Five tips to help your farm reach net zero

Reaching net zero on farm

By George Peart

The countdown’s on for UK agriculture to meet government and industry net zero greenhouse gas emissions targets, and while reaching that goal by 2040 might seem ambitious, there’s something every farm business can do to make a difference.

But if you’re not sure how to create a net zero plan for your business, knowing which measures to take can seem daunting. Here, we’ve compiled our top five tips to help you take the first steps to making your farm business more sustainable for the long-term.

1. Go back to basics

Achieving net zero might feel like a huge task, but it’s important to realise that improvements can be made in small steps, and don’t necessarily require costly investment.

The key is to identify simple measures that can be taken right away — measures that will not only drive long-term change but improve farm operations in the future.

Your farm’s overall emissions are calculated based on the direct emissions that come from running the business, such as an exhaust from a tractor. This is added to the indirect emissions that you bring in when you buy feed, fertilizer and other inputs. In the same way that you assign a monetary value to items on the farm, carbon calculators will assign an emissions value, which is recorded using eCO2 (equivalent kilos of CO2). The values which are assigned are generally based on current research and government policy.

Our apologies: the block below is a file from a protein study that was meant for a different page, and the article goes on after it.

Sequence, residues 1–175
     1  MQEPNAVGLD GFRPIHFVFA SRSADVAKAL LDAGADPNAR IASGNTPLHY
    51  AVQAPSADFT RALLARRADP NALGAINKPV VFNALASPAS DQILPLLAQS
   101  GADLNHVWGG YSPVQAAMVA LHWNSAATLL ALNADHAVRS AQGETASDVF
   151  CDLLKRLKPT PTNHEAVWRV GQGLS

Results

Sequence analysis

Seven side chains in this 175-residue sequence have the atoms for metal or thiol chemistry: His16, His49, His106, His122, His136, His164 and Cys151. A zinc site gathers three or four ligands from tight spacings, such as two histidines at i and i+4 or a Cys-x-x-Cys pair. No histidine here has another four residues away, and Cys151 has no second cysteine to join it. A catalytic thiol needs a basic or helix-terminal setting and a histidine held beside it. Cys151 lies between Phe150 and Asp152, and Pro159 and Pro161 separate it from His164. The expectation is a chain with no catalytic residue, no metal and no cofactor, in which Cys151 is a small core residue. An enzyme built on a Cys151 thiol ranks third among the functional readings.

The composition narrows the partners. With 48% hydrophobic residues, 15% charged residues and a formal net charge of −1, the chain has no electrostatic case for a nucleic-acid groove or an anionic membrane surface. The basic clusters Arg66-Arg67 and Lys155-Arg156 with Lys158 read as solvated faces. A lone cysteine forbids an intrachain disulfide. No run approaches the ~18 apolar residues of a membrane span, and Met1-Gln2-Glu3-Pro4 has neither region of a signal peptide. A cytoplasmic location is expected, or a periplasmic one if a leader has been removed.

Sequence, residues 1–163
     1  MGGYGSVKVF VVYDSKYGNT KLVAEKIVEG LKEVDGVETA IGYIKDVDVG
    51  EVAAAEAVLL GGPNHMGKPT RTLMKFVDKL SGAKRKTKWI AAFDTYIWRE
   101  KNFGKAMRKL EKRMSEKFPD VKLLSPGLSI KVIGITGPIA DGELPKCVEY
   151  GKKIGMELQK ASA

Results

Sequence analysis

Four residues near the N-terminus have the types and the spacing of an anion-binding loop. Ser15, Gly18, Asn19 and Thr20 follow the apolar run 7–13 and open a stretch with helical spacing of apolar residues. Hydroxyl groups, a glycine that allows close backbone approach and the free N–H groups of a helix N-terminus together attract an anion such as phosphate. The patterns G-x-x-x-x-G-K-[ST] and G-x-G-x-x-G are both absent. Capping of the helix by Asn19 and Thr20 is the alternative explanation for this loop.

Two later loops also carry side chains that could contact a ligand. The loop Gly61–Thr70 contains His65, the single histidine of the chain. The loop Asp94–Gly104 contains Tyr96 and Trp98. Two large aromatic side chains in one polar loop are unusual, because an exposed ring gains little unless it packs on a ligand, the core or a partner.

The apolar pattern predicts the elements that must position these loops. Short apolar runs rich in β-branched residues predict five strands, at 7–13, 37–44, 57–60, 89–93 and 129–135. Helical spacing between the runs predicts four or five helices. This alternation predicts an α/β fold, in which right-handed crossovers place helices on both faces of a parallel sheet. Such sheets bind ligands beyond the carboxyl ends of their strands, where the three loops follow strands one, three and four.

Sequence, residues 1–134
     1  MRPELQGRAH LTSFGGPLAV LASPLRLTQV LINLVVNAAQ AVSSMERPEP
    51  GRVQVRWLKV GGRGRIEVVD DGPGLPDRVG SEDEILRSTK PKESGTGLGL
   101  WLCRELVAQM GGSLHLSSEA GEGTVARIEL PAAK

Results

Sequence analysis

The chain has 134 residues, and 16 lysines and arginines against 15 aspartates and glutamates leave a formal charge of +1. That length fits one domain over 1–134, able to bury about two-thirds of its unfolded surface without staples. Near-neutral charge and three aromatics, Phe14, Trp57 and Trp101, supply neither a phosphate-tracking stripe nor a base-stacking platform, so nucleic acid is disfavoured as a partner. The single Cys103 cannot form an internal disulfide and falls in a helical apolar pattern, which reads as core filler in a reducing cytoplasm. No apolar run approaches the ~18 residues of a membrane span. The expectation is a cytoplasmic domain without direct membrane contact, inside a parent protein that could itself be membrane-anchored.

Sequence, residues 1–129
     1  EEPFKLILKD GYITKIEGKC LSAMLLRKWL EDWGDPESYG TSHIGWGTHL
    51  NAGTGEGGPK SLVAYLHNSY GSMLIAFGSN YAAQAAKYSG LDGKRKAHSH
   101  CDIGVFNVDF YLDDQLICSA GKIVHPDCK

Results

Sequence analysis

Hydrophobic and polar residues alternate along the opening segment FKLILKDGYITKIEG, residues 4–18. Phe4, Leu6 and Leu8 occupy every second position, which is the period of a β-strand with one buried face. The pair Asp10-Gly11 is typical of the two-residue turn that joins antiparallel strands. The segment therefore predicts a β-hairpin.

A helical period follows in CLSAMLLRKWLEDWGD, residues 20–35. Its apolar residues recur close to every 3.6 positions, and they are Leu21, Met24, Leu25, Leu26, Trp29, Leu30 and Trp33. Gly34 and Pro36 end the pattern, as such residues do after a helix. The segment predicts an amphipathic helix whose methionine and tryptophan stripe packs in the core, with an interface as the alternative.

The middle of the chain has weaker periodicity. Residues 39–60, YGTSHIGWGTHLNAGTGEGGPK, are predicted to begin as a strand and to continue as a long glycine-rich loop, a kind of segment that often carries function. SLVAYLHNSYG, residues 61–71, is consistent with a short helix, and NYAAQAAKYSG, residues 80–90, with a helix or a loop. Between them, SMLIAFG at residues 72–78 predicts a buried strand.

In order to identify areas that can be improved, it is vital to do a carbon emissions baseline as soon as possible. This will give you a measure of what you are doing well, in the same way that your farm’s year end accounts will tell your financial strengths and weaknesses.

Your emissions baseline will tell you how much carbon is being released into the atmosphere in the form of methane, nitrous oxide and CO2. Whilst these are clearly different forms of emissions, they are all converted into a standardized eCO2 figure so that farms can benchmark themselves against one another. Having a baseline and measuring carbon emissions each year is the only way to tell which areas you are improving in and which need more work. For example, diesel use may be efficient, but you may be running too many youngstock than is required, thus reducing CO2 from diesel but increasing methane from heifers.

By getting the basics right, you can create a solid foundation that you can start to build your longer-term net zero plan upon.

2. Switch to soil-friendly farming practices